Our group B is infants, juniors, minors and teens. You are probably right about Covid being able to travel through these groups, and mutate, and get nastier, but we don't know if these groups are at greater risk from vaccinations. So we are holding back on vaccinating infants, juniors and minors. Teens may be able to receive the jab, but that was being reviewed last week and I don't know about any decisions.

                      Comment


                      • #56
                        Originally posted by Mountain Man View Post

                        It has been suggested that the vaccines themselves are causing the mutations.
                        It's called natural selection. The virus mutates. Mutations that enhance its survival will tend to be the ones that grow and propagate. Any factor that limits spread will cause mutations that enhance its capability to spread to dominate - if you give it the time it needs to do that. Natural immunity will do the exact same thing as vaccine acquired immunity. So what we want is enough immune people the virus can't spread at all so it fades away before it can do an end run around the various kinds of acquired immunity.

                        The more unvacinnated people there are, the more opportunities for it to spread and mutate, the less time between variants and the more likely a mutation occurs that can infect people through the natural or vaccine acquired immunity.

                        Last edited by oxmixmudd; 06-19-2021, 08:37 AM.
                        Mockery is the argument of the mentally and/or emotionally challenged.

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                        • #57
                          Originally posted by seanD View Post

                          Problem with that explanation is it doesn't seem explain why variants are rising and spreading in \countries that have some of the largest vaccination rates.
                          It's still random. If you put enough ammunition down range, you are bound to hit something. But, you could get lucky and hit something with the 5th bullet instead of the 100th.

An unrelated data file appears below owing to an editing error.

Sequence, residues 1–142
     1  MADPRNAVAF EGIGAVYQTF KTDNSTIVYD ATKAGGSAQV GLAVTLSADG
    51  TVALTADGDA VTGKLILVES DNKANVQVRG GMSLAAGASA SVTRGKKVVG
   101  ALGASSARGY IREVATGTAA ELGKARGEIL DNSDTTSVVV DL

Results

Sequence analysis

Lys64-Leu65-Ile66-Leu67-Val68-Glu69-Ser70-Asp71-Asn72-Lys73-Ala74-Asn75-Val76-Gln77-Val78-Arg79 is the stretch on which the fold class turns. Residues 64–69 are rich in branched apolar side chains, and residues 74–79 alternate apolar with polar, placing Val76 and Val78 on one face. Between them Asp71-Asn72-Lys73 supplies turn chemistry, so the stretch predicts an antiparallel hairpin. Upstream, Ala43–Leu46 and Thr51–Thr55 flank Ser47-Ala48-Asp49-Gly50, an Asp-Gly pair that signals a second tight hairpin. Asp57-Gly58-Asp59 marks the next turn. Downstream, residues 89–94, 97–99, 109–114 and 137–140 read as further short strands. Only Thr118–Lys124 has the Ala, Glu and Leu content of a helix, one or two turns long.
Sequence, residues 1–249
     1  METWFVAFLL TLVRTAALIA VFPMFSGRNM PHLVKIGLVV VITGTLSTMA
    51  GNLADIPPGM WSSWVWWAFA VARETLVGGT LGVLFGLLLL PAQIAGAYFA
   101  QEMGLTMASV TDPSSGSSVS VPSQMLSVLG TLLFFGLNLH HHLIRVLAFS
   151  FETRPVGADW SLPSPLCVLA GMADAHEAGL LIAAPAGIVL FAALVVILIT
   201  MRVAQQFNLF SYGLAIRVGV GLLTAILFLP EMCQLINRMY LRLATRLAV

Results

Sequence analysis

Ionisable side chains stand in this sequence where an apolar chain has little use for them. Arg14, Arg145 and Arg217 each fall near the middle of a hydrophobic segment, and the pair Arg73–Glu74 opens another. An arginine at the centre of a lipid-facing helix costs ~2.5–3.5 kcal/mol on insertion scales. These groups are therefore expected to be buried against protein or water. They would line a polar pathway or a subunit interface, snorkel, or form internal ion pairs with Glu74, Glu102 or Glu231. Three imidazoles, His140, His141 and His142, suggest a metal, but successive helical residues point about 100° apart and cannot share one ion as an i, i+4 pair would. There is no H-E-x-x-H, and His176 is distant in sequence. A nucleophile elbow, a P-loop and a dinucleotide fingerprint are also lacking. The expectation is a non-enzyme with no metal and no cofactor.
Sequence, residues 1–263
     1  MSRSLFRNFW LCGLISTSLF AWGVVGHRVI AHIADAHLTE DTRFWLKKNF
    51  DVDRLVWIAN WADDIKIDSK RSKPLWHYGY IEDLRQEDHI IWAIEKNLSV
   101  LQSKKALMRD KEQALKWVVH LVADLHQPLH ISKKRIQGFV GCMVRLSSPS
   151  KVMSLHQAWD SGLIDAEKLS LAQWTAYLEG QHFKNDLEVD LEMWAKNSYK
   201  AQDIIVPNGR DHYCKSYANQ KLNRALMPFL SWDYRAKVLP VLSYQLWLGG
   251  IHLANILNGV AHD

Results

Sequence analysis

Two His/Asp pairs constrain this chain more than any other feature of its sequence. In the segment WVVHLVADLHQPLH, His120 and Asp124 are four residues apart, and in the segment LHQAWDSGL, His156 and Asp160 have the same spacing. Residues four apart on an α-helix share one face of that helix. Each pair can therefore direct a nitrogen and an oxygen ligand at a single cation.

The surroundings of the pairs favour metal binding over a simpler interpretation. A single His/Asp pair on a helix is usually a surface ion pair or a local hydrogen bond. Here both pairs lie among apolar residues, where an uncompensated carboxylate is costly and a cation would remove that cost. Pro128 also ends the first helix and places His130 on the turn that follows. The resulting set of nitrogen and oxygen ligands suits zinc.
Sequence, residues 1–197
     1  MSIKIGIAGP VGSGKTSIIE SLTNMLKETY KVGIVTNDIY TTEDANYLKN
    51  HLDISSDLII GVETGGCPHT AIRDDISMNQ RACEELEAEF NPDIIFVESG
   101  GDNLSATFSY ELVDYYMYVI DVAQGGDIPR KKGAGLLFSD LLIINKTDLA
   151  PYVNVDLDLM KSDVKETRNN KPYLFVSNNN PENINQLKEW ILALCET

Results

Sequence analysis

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                          • #58
                            Originally posted by oxmixmudd View Post
                            Natural immunity will do the exact same thing as vaccine acquired immunity.
                            Will it? Based on what I've read, the vaccine might actually be forcing unusual mutations of the China flu that are different from natural mutations. Remember, we are talking about experimental medications employing relatively new mRNA technology which has never been used in human vaccines before, so who knows what effects it's going to have.
                            Some may call me foolish, and some may call me odd
                            But I'd rather be a fool in the eyes of man
                            Than a fool in the eyes of God


                            From "Fools Gold" by Petra

                            Comment


                            • #59
                              Originally posted by Ronson View Post

                              I would consider that a good argument against vaccination, if they don't suffer much from it. Like being vaccinated against the common cold.

                              They are still contagious. they can spread the virus and kill people.
                              Last edited by Backup; 06-19-2021, 11:33 AM.

                              Comment


                              • #60
                                Originally posted by Mountain Man View Post

                                Will it? Based on what I've read, the vaccine might actually be forcing unusual mutations of the China flu that are different from natural mutations. Remember, we are talking about experimental medications employing relatively new mRNA technology which has never been used in human vaccines before, so who knows what effects it's going to have.
                                I'm sure you read that somewhere given the sources you use.
                                Mockery is the argument of the mentally and/or emotionally challenged.